Voters in New York picked Bill de Blasio over Michael Bloomberg to be the city's first Democratic mayor in a generation, in one of a handful of elections seen as having considerable national importance.
New Jersey's Republican Governor Chris Christie handily defeated his Democrat challenger, earning a second four-year term in a race some pundits said would serve as a platform for a future presidential bid.
Another key race, for the governorship of the southern state of Virginia, turned out to be be a nail-biter, with media reports declaring businessman Terry McAuliffe victorious by the narrowest of margins.
President Barack Obama warned against making early election calls.
"Never predict elections," he said. "That's a losing proposition."
That word of caution proved wise in Virginia, where McAuliffe, a Democrat, had been predicted to make short work of his Republican opponent, State Attorney General Ken Cuccinelli, in a race that turned out to be far tighter than originally predicted.
Early election results had shown McAuliffe and Cuccinelli tied at 47 per cent each shortly after polls closed.
Yesterday's vote is the first major round of balloting in the United States since Obama won a second term in the White House last year.
Christie cruised to a landslide victory on a wave of popularity, but at odds with his party at the national level.
He is increasingly seen as a contender to win the Republican nomination for the White House in 2016 given his pragmatism, charisma and ability to command cross-party support.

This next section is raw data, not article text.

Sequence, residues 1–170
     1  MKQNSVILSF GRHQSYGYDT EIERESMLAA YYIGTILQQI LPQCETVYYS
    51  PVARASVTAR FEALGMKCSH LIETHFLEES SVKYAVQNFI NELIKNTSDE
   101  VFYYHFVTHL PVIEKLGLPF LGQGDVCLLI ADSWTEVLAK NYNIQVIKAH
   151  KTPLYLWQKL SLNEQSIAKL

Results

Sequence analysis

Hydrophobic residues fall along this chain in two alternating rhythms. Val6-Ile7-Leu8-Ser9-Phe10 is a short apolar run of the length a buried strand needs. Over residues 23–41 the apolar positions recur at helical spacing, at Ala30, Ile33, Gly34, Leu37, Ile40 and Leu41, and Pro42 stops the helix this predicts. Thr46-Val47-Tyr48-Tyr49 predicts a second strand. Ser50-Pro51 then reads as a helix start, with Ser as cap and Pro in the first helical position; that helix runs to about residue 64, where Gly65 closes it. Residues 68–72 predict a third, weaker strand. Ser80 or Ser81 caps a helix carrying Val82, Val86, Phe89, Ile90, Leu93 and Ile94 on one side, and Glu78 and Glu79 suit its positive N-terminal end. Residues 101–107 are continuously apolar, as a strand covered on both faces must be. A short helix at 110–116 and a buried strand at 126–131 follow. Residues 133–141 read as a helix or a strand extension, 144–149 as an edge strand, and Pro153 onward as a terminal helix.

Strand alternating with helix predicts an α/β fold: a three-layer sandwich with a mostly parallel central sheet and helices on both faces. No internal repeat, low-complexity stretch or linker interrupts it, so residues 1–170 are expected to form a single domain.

Meanwhile, the race in the Big Apple -- in which de Blasio long had been tipped as the heavy favorite to replace billionaire Michael Bloomberg -- was one of several seen as a barometer of public opinion ahead of congressional elections in 2014.
De Blasio, 52, promises a new style in a city transformed by 12 years of tough love under Bloomberg, who is stepping down after a record three terms.
He left Republican rival Joe Lhota trailing in the dust in the biggest city in the United States by tapping into the worries of the economically vulnerable middle class.
The city of 8.3 million has six times as many Democratic voters as Republicans, yet a win for de Blasio would make him the first Democrat elected mayor since 1989.
"I think the people of this city know that so many New Yorkers are struggling just to make ends meet," he said after voting with wife Chirlane in his Brooklyn neighborhood, accompanied by their